Star of the stage and screen, Irene Sutcliffe has died aged 88 after more than 60 years in the acting spotlight – including a prominent role in Coronation Street.
Trained at the London Academy of Music and Dramatic Art, she toured with the Bristol Old Vic Company and spent a season working with the Royal Shakespeare Company in Stratford-upon-Avon.
Sutcliffe made her West End debut in The Millionairess, starring in the 1952 George Bernard Shaw play with Katharine Hepburn.
She moved onto a role in an adaptation of TS Eliot’s Murder In The Cathedral the following year before beginning to move into television work.
Over the coming years she played key characters in popular titles including Dixon of Dock Green, Pathfinders in Space and Emergency – Ward 10.
However it is her role in Coronation Street that she is most known by.
Sutcliffe ventured onto the cobbles of the long-running ITV soap in 1968, playing Maggie Clegg – an unlucky-in-love shopkeeper married to alcoholic Les and the mother of adopted son Billy.
Over seven years on the show her character got divorced and remarried before leaving in 1975 when, in a surprising turn of events, her character emigrated to The Democratic Republic of the Congo.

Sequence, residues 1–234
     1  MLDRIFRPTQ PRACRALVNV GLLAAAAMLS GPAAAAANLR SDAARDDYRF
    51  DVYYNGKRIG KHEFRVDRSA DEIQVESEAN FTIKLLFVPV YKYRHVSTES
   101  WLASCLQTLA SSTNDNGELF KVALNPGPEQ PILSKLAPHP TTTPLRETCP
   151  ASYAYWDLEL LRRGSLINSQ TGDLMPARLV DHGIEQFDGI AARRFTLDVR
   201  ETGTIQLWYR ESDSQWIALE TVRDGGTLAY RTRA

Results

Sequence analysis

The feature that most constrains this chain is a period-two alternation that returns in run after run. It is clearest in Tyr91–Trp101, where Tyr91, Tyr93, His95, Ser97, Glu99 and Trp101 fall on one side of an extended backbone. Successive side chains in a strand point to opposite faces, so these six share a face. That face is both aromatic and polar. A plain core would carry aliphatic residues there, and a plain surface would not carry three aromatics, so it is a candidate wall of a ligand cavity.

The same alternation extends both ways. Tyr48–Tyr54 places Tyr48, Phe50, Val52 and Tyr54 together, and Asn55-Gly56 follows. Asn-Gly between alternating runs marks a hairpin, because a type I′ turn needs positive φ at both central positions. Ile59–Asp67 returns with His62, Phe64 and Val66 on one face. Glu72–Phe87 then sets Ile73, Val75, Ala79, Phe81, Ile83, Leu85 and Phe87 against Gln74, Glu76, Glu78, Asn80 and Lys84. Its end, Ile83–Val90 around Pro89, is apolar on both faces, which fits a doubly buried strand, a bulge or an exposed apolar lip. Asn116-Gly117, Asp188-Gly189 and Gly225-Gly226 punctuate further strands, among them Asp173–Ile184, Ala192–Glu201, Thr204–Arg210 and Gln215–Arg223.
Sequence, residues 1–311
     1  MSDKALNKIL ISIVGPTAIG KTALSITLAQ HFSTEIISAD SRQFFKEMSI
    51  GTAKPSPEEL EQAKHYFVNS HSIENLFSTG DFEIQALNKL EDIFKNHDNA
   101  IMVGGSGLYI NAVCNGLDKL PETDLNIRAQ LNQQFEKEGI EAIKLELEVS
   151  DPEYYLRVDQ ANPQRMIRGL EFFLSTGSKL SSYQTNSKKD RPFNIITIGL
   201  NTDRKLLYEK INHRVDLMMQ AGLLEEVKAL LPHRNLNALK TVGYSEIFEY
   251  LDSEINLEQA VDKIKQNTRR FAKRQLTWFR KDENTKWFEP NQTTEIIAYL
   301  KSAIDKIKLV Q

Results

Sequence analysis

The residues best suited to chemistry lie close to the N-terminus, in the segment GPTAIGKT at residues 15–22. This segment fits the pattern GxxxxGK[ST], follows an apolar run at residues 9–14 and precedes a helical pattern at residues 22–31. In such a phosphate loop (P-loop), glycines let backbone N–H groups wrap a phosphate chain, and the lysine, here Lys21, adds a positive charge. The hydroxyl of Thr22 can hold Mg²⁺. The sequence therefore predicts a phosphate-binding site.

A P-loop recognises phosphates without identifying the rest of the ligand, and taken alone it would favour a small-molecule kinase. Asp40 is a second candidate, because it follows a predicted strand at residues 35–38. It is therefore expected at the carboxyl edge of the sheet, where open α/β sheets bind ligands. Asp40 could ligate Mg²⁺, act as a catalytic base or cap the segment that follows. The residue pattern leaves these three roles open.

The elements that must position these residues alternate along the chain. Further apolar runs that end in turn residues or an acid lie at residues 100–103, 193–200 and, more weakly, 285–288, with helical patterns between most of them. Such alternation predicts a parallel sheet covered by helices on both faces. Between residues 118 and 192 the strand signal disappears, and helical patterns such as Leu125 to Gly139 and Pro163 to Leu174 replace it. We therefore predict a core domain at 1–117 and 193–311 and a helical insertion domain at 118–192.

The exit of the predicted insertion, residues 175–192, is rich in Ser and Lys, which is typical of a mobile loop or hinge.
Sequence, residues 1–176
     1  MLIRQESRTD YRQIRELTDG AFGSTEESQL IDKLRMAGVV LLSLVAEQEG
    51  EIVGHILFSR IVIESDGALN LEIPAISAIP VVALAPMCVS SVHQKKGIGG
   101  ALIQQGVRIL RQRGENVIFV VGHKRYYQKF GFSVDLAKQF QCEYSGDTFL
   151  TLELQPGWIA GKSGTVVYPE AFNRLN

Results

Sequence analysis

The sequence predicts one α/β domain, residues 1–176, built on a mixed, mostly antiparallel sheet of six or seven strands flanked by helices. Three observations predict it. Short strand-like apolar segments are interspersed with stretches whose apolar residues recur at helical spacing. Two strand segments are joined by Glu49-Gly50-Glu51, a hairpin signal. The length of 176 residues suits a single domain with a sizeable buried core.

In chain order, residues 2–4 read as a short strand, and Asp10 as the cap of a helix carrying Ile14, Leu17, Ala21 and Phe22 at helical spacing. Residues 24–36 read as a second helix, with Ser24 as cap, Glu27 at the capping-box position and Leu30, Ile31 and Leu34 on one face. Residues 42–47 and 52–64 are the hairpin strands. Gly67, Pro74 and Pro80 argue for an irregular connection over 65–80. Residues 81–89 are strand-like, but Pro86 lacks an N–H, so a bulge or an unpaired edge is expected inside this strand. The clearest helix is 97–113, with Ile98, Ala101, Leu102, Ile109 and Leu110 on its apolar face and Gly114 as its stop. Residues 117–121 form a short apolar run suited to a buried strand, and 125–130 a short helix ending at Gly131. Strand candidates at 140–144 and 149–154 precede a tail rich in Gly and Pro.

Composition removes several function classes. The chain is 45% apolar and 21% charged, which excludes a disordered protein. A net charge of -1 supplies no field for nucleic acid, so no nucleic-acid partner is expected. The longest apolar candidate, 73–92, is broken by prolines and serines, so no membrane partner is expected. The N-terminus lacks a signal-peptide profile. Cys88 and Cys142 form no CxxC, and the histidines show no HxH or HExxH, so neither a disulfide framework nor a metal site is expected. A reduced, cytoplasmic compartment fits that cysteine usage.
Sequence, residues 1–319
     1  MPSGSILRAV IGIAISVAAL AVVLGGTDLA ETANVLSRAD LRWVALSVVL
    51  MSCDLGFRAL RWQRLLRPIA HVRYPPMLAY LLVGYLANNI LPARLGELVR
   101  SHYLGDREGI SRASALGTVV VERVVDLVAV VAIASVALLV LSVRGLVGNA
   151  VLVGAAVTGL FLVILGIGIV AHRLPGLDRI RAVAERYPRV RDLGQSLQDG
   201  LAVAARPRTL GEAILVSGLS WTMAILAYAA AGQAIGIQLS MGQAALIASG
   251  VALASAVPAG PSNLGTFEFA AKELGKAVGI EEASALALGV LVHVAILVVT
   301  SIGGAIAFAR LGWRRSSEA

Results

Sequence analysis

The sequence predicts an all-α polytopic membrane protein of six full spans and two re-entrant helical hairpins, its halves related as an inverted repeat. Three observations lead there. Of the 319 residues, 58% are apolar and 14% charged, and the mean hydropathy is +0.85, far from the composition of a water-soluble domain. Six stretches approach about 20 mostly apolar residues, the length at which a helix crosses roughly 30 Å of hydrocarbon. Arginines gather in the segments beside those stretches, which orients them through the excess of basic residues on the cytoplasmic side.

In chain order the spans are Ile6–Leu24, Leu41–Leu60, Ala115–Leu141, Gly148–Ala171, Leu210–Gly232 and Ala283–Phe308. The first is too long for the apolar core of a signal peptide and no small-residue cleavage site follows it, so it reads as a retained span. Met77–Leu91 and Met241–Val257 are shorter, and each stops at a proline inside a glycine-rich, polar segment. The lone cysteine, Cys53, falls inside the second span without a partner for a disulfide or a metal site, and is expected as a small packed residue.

After leaving the fictional town of Weatherfield, Sutcliffe continued to find work, picking up roles in dramas including Morse, Juliet Bravo, and Miss Marple.
She was happier on the stage, taking up roles in titles including Time And The Conways, and Children Of A Lesser God in the following decades.
Sutcliffe’s final appearance on the West End was in 2000, when she was part of the London company performing Wit, which had debuted in New York, winning a Pulitzer prize in the process.
Four years later she treaded the boards for the last time with a role in Waters Of The Moon at Salisbury Playhouse.
However she did continue acting, picking up roles in a number of television series.
Sutcliffe played characters in medical dramas Doc Martin and Doctors and her last credit was an appearance in an episode of US drama The Royals alongside Liz Hurley in 2015.
Described by trade magazine The Stage as a “private woman, giving a somewhat austere initial impression”, Sutcliffe had a reliable circle of friends she enjoyed playing bridge with in her retirement.
She was also a “tireless” member of the Actors’ Benevolent Fund, which supports professional actors and stage managers in need through injury, illness or old age.